Apple released iOS 14 with some promising new features, including finally getting app widgets and the intriguing quick interaction App Clips. While first-party apps like Fitness and Weather got widgets the day of the update, third-party apps have barely adopted either, leaving the promising additions unsupported.
Clearly, we aren’t the only ones to notice: Apple is holding several developer sessions in February dedicated to walking iOS developers through adding these features. iOS developer Simon Støvring tweeted an email from Apple inviting developers to a special online training session on February 1 for building widgets, and noted that invites also went out for sessions to build App Clips and transition iPad apps to Mac.
Apple invite developers to a session on “building great widget experiences”. pic.twitter.com/jtWuSAxvtIJanuary 26, 2021
This in itself doesn’t prove developers are disinterested in App Clips or widgets or dragging their feet implementing them - because, while Apple clusters most of its developer-training sessions around WWDC, the tech giant does hold special sessions to promote new tech, like it did late last year to help developers optimize their apps for upcoming Apple M1 processors, as Apple Insider pointed out.
But there’s no getting around how few non-Apple apps support widgets and App Clips. While iOS 14 launched with widgets for over a dozen first-party apps, not many third-party apps have introduced their own widgets.
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Widgets: look, but don't bother touching
And yet, the few third-party apps that have added widgets haven’t offered much capability: the Spotify widget, for instance, just lets you look at the last song you played. You can’t use it as a mini-player, despite the ‘small widget’ (2x2) size exactly matching the mini-player in the Control Center, for instance.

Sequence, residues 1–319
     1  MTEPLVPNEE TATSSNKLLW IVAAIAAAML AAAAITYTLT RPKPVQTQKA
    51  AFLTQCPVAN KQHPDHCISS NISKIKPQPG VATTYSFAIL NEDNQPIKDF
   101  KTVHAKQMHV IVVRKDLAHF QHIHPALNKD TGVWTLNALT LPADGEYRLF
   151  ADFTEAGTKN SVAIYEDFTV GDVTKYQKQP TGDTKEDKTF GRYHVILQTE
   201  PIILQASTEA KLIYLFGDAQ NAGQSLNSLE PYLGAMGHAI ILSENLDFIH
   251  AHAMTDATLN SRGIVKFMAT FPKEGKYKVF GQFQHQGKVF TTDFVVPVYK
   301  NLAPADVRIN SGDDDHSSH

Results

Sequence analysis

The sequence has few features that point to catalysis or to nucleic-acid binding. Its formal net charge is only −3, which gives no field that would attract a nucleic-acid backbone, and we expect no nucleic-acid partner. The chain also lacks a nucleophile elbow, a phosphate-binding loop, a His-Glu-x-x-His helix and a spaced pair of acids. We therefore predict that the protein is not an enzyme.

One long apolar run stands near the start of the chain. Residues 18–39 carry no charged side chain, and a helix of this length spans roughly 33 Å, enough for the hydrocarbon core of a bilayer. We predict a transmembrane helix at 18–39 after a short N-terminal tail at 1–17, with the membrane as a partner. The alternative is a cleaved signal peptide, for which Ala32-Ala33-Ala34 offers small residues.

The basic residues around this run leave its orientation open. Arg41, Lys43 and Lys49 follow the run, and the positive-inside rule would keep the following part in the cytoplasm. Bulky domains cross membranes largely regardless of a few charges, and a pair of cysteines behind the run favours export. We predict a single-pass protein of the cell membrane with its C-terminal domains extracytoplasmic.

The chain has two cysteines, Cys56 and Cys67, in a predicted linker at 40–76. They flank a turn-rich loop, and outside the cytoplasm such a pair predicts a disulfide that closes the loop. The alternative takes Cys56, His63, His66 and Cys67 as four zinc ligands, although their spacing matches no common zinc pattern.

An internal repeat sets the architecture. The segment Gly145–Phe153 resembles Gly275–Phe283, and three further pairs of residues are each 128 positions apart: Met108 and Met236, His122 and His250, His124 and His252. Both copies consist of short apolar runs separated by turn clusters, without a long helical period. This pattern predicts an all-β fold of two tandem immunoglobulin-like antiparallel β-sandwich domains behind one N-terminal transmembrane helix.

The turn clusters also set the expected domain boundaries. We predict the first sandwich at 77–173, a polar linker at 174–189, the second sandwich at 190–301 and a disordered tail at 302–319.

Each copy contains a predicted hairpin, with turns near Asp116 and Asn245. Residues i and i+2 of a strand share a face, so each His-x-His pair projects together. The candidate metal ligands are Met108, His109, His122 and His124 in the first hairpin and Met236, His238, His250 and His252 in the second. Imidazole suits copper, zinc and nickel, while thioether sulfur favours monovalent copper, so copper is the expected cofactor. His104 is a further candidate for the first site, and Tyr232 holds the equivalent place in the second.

This seems like it would be a great use of the space dedicated to a widget, but it’s likely the limit of their functionality: their value is in catching quick glimpses of info without needing to open the app, like glimpsing your movement ring progress in the Fitness app. Otherwise, they only act as big buttons, with widgets for apps like IMDB showing a ‘Search’ bar that, upon tapping, opens the app and takes you right to the Search functionality. Clever, but basic.
App Clips (not to be confused with the bundled Apple Clips photo editing app first released years ago), which give limited functionality of an app without having to download it, have yet to roll out in an impactful way. While some of the use cases for this ‘app preview’ have not materialized in the present moment given the COVID lockdowns – press material suggested it could be handy when in-person venues require an app to download, say – we still haven’t been prompted to use App Clips over text messages or the internet, as was also proposed.
That’s not to say iOS 14 didn’t bring meaningful changes: picture-in-picture is a long-awaited feature, the intelligent App Library allows you to hide plenty of app-filled home screen pages without losing access to most-used apps, and Maps got a few improvements for cyclists and electric vehicle drivers. There are plenty of small quality-of-life upgrades, like showing colored dots when your microphone or camera are on, that make the iOS experience better.
But these weren’t the headline additions that felt like they would not just change but improve how iPhone owners got to use their devices.
It’s only been a few months since iOS 14 launched, but it’s a little disappointing that our home screens look more or less identical to how they have for years, and even the promise of something like widgets feels limited by their capabilities. We’re hoping Apple has more to teach the developers headed into its upcoming online sessions so they can add widgets, App Clips, and other functionality to their apps – hopefully before iOS 15 comes out.
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David is now a mobile reporter at Cnet. Formerly Mobile Editor, US for TechRadar, he covered phones, tablets, and wearables. He still thinks the iPhone 4 is the best-looking smartphone ever made. He's most interested in technology, gaming and culture – and where they overlap and change our lives. His current beat explores how our on-the-go existence is affected by new gadgets, carrier coverage expansions, and corporate strategy shifts.